Littleproud will know that like their counterparts in the USA, farmers in Australia have become increasingly accustomed to using asylum seekers and the rapidly growing cohort of unsuccessful asylum seekers for cheap and easily exploitable labour.

These people have no powers and must accept whatever treatment is meted out to them.

Farmers will only use the new Agriculture Visa if its design makes it as easy and costless to use as employing an asylum seeker and in particular an unsuccessful asylum seeker.

US Agricultural Visa

The US Bracero program of the 1950s that held farm labourers brought to the United States in labour camps, often behind barbed wire, has been abolished. Its successor, however, the US Agricultural Visa, continues a longstanding US tradition of using migrants for cheap farm labour and treating them as sub-human.

While most US farmers use undocumented labour – estimated at around 50 percent – a substantial portion use the Agricultural Visa.

Employers using the US Agricultural Visa must specify the type of work, living conditions, and wages workers will receive. They must also provide transportation and housing. The workers enter under contracts for less than a year. They are tied to their employer which means they cannot seek work with a different employer. If they complain about exploitation or abuse, they can be legally fired and must leave the country.

From 2000 to 2017 there were 93,447 reported violations of labour law against H-2A labourers. US academic Andrew Smolski says “with anywhere between 100,000 to 200,000 H-2A labourers in the country every year, that is a minimum violation rate of one violation per every 36 labourers—and, again, that’s only what’s reported.”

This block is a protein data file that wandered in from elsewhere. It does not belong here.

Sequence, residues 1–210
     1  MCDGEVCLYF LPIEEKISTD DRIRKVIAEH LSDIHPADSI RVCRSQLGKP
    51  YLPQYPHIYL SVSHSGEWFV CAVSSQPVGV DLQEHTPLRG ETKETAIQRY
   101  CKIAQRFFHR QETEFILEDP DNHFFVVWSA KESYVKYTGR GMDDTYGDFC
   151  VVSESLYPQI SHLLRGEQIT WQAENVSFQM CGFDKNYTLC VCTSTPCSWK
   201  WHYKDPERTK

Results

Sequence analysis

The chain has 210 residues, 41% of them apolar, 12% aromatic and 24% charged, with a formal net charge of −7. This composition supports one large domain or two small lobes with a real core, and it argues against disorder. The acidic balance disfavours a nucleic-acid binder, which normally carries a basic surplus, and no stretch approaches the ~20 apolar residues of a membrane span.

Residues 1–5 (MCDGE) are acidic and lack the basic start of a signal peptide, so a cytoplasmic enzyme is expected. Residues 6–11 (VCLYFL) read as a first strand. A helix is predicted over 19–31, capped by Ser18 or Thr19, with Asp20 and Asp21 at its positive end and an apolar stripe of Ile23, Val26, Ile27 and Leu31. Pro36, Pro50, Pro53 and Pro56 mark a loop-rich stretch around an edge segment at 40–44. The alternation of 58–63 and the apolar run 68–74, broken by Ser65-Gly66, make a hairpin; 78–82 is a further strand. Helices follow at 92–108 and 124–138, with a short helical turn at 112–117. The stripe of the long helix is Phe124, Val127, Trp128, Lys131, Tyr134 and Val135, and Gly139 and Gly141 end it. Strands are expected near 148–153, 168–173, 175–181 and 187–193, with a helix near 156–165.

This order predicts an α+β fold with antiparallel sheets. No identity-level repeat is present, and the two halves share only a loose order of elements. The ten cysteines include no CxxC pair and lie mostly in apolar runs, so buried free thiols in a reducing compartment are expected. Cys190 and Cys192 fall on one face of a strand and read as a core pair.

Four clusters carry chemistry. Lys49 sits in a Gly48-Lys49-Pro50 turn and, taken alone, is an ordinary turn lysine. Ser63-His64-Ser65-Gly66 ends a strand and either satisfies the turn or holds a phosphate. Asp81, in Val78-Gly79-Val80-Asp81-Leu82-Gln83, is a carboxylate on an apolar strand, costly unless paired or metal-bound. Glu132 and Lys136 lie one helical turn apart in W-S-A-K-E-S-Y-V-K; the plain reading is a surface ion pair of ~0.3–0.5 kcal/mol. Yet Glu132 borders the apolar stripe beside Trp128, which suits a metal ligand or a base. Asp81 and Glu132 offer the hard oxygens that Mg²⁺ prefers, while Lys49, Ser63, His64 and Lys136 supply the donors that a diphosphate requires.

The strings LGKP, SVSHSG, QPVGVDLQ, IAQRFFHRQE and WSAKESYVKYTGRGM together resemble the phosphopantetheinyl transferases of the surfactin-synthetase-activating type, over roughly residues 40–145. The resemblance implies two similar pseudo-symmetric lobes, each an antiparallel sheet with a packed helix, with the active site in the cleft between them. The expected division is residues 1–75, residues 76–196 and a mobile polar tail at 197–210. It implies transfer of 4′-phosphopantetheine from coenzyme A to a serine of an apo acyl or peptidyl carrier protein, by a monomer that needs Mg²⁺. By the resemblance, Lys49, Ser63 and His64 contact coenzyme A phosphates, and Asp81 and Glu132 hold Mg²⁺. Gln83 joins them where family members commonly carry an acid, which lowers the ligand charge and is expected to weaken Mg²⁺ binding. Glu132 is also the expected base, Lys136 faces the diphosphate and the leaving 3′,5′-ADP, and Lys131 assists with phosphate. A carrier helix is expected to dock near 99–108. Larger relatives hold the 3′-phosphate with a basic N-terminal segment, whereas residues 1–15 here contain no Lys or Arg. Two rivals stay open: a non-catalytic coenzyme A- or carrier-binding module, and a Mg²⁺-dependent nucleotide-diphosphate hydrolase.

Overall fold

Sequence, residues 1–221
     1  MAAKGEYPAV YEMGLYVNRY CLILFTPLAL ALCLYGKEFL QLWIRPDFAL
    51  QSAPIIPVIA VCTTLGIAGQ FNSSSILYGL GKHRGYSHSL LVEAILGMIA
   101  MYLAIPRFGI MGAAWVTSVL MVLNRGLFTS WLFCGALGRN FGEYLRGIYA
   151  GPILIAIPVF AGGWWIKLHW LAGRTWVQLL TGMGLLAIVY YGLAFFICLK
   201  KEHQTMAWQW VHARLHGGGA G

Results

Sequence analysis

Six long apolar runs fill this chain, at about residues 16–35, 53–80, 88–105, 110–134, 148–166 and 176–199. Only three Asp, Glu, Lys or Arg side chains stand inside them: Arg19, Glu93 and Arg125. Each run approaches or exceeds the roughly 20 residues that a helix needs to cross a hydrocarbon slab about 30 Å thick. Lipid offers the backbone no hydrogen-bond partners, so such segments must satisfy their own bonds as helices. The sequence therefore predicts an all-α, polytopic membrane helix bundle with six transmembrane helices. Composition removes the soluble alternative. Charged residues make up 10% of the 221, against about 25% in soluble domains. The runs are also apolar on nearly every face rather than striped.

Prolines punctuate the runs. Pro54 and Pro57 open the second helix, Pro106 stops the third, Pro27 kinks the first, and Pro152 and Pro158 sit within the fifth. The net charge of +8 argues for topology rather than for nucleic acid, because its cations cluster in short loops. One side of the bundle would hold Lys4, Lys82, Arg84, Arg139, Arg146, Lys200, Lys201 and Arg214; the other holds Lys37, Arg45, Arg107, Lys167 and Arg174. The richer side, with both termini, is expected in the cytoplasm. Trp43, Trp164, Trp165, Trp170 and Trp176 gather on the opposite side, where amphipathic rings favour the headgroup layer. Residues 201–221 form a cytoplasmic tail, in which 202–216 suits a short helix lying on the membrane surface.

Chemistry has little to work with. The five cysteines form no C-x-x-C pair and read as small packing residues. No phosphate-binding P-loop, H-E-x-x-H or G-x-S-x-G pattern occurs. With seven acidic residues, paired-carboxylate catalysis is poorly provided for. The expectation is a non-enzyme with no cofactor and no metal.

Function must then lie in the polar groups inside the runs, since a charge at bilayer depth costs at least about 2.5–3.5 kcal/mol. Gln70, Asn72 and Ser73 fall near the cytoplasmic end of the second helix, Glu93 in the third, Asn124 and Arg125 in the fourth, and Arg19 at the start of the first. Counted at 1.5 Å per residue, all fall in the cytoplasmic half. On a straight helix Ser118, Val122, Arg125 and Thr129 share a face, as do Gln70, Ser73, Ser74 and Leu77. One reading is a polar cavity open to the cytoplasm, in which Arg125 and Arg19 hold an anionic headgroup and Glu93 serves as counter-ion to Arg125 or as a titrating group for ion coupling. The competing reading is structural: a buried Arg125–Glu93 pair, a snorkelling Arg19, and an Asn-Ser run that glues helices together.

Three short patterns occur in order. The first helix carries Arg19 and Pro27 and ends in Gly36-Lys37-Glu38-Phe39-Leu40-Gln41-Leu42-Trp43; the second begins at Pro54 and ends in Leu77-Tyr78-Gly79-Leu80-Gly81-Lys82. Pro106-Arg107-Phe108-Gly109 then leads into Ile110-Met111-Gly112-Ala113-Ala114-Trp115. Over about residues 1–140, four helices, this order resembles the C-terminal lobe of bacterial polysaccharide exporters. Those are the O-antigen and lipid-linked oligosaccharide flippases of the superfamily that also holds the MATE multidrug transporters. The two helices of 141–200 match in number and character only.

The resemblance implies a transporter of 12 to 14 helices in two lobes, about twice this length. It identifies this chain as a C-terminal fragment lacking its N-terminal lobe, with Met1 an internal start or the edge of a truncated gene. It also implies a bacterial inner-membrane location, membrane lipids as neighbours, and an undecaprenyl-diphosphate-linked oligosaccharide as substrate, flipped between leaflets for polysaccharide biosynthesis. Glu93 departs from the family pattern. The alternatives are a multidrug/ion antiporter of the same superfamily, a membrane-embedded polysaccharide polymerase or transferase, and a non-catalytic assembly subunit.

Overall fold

Smolski (2019) considers growers violate workplace laws with impunity. The lack of funding for regulators and the focus on immigration enforcement targeting the workers rather than the employers or labour hire means it is rare for H-2A workers to step forward with complaints.

There has been a surge of farmworkers entering the United States in recent years with workers being “subjected to horrific abuse.”

While the Trump Administration generally tightened immigration policy, it made an exception for H-2A workers deeming them as “essential workers” during the pandemic.

Even with its very limited resources, the Labor Department closed 431 cases of H-2A violations in 2019, a 150 per cent increase over 2014 (Khimm and Silva 2020).

You would think the Australian Government would have learned from the US experience.

But like with most things, our Government has a preference for copying the US than learning from it.

The Americanisation of Australia’s labour market continues apace.

But we should not assume this appalling mistreatment of migrant farm workers is confined to the US. It is also common in countries such as Canada, New Zealand, the UK, Germany, Spain, Japan and Italy.

So if exploitation and abuse is just about guaranteed, why would the Morrison Government go down this path?

Because Australian farmers demand the same right to exploit and abuse as their counterparts across the developed world.